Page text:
ANALYSIS: Why Academic staff in public universities are up in arms over pay raise for professors

Academic staff in public universities have announced a strike, accusing unequal distribution of the Shs50 billion provided by the government to enhance their salaries.

In April, the Ministry of Education released a salary distribution schedule indicating a significant increment in the salaries for Vice-Chancellors, Professors and Associate Professors compared to Senior lecturers, lecturers and assistant lecturers.

According to the scale, Vice-Chancellors will earn a monthly gross of 20 million Shillings from the current 12.2 million Shillings while their deputies will earn 17.5 million Shillings. Professors will receive 15.6 million Shillings from the current 9.9 million Shillings while Associate Professors will receive 14.8 million Shillings.

Senior lecturers will receive a pay rise of 592,990 on top of their current pay of 8.4 million Shillings. But this leaves a gap of over five million Shillings between an Associate Professor and a Senior Lecturer.

Rev Dr Grace Lubaale, the Chairperson of the Forum for Academic Staff of Public Universities, an umbrella that brings the staff together says they want the funds allocated evenly across the board. He says the demands were clearly stated but were ignored by the authorities.

“We have written four letters objecting to the unfair distribution of the 50 billion Shillings that neglect the pro-rata principle. However, they have ignored us. We have therefore withdrawn labour effective June 4 until the government resolves the matter,” Rev Dr Lubaale says.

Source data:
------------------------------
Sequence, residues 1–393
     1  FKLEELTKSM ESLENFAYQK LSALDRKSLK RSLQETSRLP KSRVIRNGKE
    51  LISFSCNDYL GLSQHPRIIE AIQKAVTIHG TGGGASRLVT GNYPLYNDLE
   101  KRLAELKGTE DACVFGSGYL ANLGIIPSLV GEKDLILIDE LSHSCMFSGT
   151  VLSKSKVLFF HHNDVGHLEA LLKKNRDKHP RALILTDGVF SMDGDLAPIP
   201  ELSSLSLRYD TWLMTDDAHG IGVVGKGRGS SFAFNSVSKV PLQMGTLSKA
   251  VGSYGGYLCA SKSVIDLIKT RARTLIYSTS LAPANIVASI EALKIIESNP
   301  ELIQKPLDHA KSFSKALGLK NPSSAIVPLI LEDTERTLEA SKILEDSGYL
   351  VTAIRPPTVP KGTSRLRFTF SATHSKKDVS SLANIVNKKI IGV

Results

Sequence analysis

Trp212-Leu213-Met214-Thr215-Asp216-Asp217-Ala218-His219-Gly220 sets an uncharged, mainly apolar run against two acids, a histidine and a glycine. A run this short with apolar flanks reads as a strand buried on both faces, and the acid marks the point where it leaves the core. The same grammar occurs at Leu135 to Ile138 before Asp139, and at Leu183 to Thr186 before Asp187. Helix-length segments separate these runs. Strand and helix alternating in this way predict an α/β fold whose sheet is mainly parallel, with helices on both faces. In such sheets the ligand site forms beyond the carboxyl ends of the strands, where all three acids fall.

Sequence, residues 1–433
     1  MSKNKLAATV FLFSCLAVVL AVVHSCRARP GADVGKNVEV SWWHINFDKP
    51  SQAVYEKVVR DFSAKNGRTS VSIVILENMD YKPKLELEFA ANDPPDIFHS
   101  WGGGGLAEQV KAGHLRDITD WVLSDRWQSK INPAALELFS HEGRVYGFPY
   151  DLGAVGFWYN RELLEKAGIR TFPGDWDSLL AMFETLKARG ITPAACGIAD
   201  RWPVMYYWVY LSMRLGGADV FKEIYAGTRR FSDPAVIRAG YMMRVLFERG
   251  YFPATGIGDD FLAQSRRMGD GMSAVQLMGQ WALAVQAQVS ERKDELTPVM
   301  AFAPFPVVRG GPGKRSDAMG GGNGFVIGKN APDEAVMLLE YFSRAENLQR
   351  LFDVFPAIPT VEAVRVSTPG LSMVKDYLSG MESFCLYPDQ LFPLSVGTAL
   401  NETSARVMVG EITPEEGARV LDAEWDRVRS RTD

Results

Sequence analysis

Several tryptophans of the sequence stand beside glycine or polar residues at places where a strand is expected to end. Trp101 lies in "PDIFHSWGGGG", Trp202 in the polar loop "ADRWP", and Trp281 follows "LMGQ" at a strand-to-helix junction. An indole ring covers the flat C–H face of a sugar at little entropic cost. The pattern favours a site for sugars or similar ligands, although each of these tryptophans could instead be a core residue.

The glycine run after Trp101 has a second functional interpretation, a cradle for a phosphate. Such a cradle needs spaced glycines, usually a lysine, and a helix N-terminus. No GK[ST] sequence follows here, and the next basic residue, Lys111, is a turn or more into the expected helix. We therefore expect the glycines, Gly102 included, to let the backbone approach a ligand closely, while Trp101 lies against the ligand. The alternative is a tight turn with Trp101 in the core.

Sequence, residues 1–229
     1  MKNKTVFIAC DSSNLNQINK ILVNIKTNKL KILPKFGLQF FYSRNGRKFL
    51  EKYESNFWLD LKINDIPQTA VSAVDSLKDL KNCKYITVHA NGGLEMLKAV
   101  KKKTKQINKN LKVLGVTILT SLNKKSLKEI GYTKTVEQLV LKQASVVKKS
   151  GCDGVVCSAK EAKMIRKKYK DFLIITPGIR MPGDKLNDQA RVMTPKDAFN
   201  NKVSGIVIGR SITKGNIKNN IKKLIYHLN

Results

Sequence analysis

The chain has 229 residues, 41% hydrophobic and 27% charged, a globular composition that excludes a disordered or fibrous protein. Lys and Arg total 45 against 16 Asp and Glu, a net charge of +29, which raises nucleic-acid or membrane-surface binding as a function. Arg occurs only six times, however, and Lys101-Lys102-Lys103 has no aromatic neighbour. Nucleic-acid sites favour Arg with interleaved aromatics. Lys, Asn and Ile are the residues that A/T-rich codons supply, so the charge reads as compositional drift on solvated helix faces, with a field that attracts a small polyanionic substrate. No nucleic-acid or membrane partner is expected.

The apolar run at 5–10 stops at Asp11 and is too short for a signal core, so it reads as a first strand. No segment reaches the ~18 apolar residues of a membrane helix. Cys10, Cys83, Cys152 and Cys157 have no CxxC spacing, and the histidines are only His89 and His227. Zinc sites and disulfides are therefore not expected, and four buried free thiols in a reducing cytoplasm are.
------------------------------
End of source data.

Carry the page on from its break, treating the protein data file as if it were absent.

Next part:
The academic staff association leaders from all nine public universities questioned the rationale of the new arrangement considering that the matter was never agreed upon. However, the Public Service Ministry Permanent Secretary Catherine Bitarakwate recently wrote to the association explaining that the enhancement is in accordance with the phased approach as agreed upon in their negotiations with government.

“This strategy is not new as it has been applied in the judiciary, the central appointing commission and permit secretaries and heads of departments. This approach allows for significant enhancement as opposed to piecemeal enhancement which has been used over the years without impact,” Bitarekwate explained.

However, in a May 26 letter signed by the association leaders of several public universities, the academicians insist that they want the distribution to be equitable and fair. Equally, non-teaching staff who were not allocated any funds are considering laying down their tools.

The Education Minister Janet Museveni has promised to meet them to resolve the matter. Jackson Betihamah, the Chairperson of Public Universities non teaching staff Executive’s Forum notes that the distribution of the allocated fund discriminated non-teaching staff something that will cause unrest.

“It is true that the minister has promised to meet our leadership. We are still looking to see the outcomes of the meeting. But if they don’t avail for us some money. We will be left without an option,” says Betihamah. Staff in all public universities have been enjoying a phased salary enhancement from 2017.

The staff strike is likely to affect the planning reopening of universities following their closure because of the Covid-19 pandemic.

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Abitegeka Gerald

The News Editor ,Reporter at Kagadi Kibaale community Radio

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